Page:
One of my trips to Montpellier was so that the Mercedes (and Smart) garage could replace my faulty boot hinges. It turned out to be a more momentous day than this.
The faulty boot has been a growing problem for months: the boot would suddenly pop open or I would not be able to lock the car because the computer said there was a door not properly shut. At last the garage had the spare parts (they had been stuck in the north of Germany) and the boot is now fully functional, thank goodness. I was impressed by the way the garage rang two days later to check that I was happy with the repair (done under guarantee, thankfully).
Then I went on to the Apple Centre, where I had an appointment to replace the battery in my ageing Apple iPhone 6 at a reduced cost – part of Apple’s effort to counter the bad publicity about slowing down old phones.
Two hours later a technician came out of the back offices to confess to me that in the process of removing the old battery my phone had been broken. They would, they said, offer me a free replacement – of the same generation.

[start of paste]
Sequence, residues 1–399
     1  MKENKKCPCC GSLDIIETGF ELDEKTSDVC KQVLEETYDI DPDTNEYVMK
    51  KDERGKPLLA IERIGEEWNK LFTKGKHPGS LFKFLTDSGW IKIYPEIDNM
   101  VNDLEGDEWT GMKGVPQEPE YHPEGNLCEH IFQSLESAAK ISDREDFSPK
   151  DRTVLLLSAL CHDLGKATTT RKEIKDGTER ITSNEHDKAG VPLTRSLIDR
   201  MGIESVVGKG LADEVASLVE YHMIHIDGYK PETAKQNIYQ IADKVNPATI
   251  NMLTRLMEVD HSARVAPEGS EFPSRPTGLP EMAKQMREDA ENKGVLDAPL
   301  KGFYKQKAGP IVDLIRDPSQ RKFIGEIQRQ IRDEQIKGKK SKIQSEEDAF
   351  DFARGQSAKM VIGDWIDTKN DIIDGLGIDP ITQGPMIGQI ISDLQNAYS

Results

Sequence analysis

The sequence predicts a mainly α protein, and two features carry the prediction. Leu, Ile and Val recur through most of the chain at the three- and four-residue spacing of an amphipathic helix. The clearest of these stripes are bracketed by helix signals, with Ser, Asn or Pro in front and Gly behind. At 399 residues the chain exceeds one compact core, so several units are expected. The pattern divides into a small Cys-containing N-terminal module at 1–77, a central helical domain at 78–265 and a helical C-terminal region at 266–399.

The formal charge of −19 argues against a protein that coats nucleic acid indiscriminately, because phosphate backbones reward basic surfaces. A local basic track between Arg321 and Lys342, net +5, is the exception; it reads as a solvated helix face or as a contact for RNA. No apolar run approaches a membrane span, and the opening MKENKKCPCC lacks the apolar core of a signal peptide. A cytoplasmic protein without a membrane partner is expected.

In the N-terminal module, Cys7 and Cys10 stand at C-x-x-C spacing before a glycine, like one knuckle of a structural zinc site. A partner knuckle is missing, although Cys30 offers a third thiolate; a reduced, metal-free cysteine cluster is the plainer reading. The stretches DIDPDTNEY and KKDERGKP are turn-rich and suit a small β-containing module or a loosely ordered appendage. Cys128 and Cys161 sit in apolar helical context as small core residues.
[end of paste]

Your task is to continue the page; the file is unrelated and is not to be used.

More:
I was first taken aback, then thought, no, I don’t want to continue with an old model if I could use this as a negotiating tool to cut the price of the latest model. I did this, with some success: I have got an iPhone X for less than it would have cost me if I had accepted the Orange offer two weeks ago.
It still cost me so much that I am totally embarassed and will not confess how much. And I have broken the pledge I made to my daughters two weeks ago that I would resist this temptation. But boy, is it a beauty.
For those who think a phone is just – well, a phone, this was a ridiculous, foolhardy act. But for those who love high performance computers (which is what, after all, smartphones are) and, above all, high quality cameras that fit in your pocket, this is more understandable.
The first two photos I took – of Poppy licking her lips after finding some juicy crumbs, and of the flowers on Margaret’s table – impressed me instantly the high quality of the lenses and the new ability to blur the background (something that until now one has needed a zoom or telephoto lens to do).
Navigating round the phone is much zippier than in previous models. But the feature I particularly like is face recognition. The phone is, as always, locked when inactive. But instead of having to punch in a code or try (often without success) to open the phone with one’s finger or thumb print, all I have to do is simply look at the phone and flick my finger up the screen. It can recognise my face – even at night!